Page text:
Team members also analyzed the content of the interviews, identifying points of agreement, disagreement and recurrent themes.

The analysis showed strong overall confidence in the Reform Act as a management framework for protecting coastal fishery resources and for balancing the interests of different stakeholder groups. Faith in the capacity of the act, however, didn’t blind interviewees to ideas for improvement or concern that key tenets had fallen to the wayside in the 20 years since its passage.

“The blueprint, if you will, of the Fisheries Reform Act, even today, will work. It will work. But you have to follow it. And even though it’s there, there’s still that human inclination to want to bypass it,” Lucas cautioned.

Other interviewees, including Jess Hawkins, a former Division of Marine Fisheries employee who was the liaison between the agency and the Marine Fisheries Commission, voiced concern that opportunities for citizen participation have been reduced in recent years.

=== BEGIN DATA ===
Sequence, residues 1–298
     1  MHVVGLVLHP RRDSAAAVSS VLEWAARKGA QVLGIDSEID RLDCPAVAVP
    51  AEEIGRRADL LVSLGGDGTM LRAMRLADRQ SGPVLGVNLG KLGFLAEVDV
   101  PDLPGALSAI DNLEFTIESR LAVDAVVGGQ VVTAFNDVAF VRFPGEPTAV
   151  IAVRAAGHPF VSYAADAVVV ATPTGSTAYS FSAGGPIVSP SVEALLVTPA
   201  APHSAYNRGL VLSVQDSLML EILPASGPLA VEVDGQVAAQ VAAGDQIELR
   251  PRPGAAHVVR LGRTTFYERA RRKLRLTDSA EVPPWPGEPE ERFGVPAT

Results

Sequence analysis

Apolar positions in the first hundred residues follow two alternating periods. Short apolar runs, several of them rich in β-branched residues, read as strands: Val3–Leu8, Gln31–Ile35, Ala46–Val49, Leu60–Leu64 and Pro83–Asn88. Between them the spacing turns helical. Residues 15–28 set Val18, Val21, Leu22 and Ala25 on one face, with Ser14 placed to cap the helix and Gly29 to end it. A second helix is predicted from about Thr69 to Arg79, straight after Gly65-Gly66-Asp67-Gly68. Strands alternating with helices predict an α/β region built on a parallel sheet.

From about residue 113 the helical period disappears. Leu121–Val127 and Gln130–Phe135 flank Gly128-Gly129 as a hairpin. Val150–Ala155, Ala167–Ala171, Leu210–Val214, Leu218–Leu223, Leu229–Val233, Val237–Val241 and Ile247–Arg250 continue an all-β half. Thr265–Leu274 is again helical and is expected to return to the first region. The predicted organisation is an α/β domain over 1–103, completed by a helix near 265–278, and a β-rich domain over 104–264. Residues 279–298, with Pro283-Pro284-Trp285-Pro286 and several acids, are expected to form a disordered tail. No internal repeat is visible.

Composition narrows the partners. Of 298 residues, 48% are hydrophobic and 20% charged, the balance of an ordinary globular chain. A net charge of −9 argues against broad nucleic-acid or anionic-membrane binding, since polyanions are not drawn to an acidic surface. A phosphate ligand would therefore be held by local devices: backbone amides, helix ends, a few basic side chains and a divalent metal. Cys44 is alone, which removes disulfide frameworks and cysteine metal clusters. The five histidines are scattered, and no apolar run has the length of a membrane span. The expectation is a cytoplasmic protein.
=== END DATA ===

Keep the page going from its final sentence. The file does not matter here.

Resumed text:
fishermen fishing

Concern for weakened water-quality measures since passage of the Reform Act was a recurrent interview theme. Photo by Roger Winstead/NC State Communications.

“The Fisheries Reform Act is not fulfilling what its visionaries had intended it to be. Some advisory committees were eliminated. The committees no longer meet frequently to try to be progressive and proactive in dealing with issues. They became reactive,” Hawkins said.

Interviewees agreed that fishery management plans supported by strong scientific evidence are the keystone of the act.

“The greatest success of the Reform Act is managing fisheries by management plan, and not by guess and by gosh,” said Dick Brame, executive director of the N.C. Coastal Conservation Association, a recreational fishing group, from 1989 to 1999.

“But fishery populations are moving, and we have to be able to adapt and be able to manage fisheries we have never seen before, and we are going to lose fisheries that we’ve had for a long time. Managing by fishery management plan hopefully would promulgate that,” Brame continued.